Advent, which means “coming” or “arrival,” is a time when we get to look forward to Christmas. While advent can be viewed as an old church tradition, it is truly meaningful because it helps us take not just one night–Christmas Eve–to focus on Christ’s story, but a whole month! This may feel like yet another task that will take up time, but trust me: When you’re teaching kids, one month is definitely better than one day. That is why, this year, we are providing you with some ways to help make Christmas about more than just Santa and presents.
Now, I know our schedules are already full, which is why I have provided a few different ways you can go a little deeper with your kids this advent season. So take a look below and choose something that will fit your family.
Advent by Week
Sunday, December 11, marks the third week of advent. When you gather with your family this week, you will be lighting the pink candle: the “Shepherds” candle. If you didn’t make a wreath the first week, then just light a regular candle and read Luke 2:8-20 together. If you have access to an NIrV version, it is written at the third-grade reading level and is great for kids!
After reading, talk about the emotions the shepherds experienced during their encounter with the angels. See if your kids can name a few: surprise, fear, amazement, excitement, and so on! Being able to name our emotions is such an important skill for kids—and adults!—so use this as an opportunity to walk through the story and talk about the emotional rollercoaster the shepherds must have experienced. Ask your kids about times they have felt these emotions. Wrap up the conversation by looking at what the shepherds did at the end of the story; they wanted to tell everybody about Jesus. They wanted to rush off and meet Jesus right away because of what the angels said in verse 10: “I bring you good news. It will bring great joy for all people.” The shepherds knew that Jesus would bring great joy for everybody, and that’s why they went and told everybody about Him.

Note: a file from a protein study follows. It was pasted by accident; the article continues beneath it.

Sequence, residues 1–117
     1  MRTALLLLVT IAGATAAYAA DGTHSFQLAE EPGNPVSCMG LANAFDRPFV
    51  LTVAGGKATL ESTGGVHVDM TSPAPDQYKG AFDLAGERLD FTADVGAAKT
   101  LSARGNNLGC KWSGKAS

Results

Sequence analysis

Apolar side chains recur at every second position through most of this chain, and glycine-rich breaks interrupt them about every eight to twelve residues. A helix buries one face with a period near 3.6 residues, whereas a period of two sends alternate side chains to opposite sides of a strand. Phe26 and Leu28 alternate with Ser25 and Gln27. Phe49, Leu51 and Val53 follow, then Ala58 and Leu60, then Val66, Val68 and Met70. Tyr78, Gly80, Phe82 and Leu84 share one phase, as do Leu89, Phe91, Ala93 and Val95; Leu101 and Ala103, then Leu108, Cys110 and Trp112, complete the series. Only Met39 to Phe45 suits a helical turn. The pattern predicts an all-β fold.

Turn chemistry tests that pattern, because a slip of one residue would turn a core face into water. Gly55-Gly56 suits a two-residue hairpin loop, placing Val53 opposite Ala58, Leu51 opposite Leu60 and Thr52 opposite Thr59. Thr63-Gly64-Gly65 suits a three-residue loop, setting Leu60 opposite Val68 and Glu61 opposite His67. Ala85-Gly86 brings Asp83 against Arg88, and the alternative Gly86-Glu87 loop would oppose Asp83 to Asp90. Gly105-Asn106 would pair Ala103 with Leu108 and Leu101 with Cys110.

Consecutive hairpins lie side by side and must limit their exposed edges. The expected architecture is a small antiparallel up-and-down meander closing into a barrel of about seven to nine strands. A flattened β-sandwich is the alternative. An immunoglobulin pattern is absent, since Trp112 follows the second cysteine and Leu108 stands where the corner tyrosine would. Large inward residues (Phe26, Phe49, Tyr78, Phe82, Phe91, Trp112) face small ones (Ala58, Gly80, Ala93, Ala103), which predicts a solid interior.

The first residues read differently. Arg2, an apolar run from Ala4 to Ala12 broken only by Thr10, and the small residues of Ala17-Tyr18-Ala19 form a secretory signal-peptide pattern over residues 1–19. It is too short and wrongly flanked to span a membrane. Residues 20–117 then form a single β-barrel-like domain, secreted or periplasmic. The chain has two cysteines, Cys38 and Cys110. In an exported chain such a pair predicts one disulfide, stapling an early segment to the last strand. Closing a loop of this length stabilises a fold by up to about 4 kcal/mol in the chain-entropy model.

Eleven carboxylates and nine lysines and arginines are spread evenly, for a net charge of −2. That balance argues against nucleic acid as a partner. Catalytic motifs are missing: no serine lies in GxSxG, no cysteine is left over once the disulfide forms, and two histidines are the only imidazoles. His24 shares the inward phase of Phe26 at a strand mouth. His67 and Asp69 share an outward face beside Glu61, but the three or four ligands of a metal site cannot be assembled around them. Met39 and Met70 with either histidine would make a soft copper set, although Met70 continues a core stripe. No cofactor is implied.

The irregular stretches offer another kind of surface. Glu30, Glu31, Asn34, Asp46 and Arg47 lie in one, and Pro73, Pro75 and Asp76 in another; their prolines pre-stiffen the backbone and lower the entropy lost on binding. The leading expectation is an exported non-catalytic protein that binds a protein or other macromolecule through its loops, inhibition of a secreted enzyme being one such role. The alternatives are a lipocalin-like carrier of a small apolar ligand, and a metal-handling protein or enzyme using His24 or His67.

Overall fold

Take this a step further by giving your kids some markers and paper plates. Have them draw emojis for the different emotions and then read the story a second time while your kids hold up the different faces they made. At the end, ask you kids if there is someone they want to bring joy to this Christmas, just like the shepherds did with their message of Jesus’ birth. Take a look at the advent calendar in the “Advent by Day” section to get some ideas for how you can do so as a family!
Advent by Day
Is even looking at a blog hard for you? Click here and print out our advent calendar, or pick one up in the kids’ space on Sunday! Here, you will find short sentences that will slowly tell the Christmas story over the month. There are also suggestions for each day that will help you reinforce our monthly life application of joy: “finding a way to be happy even when things don’t go your way.” Jesus wasn’t born just so he could hang out on Earth for a while. He came so that we can have life in the fullest way possible (John 10:10)! You can teach your kids that a true, full life means sharing that joy with others by following the calendar’s suggestions for spreading joy. You can do what it says every day, or just pick your favorite and do one each week.
Still want more?!
If you are looking for more content regarding advent, visit http://www.clayporr.com/advent-reflections/ where you will find daily and weekly devotionals that better fit older students and adults.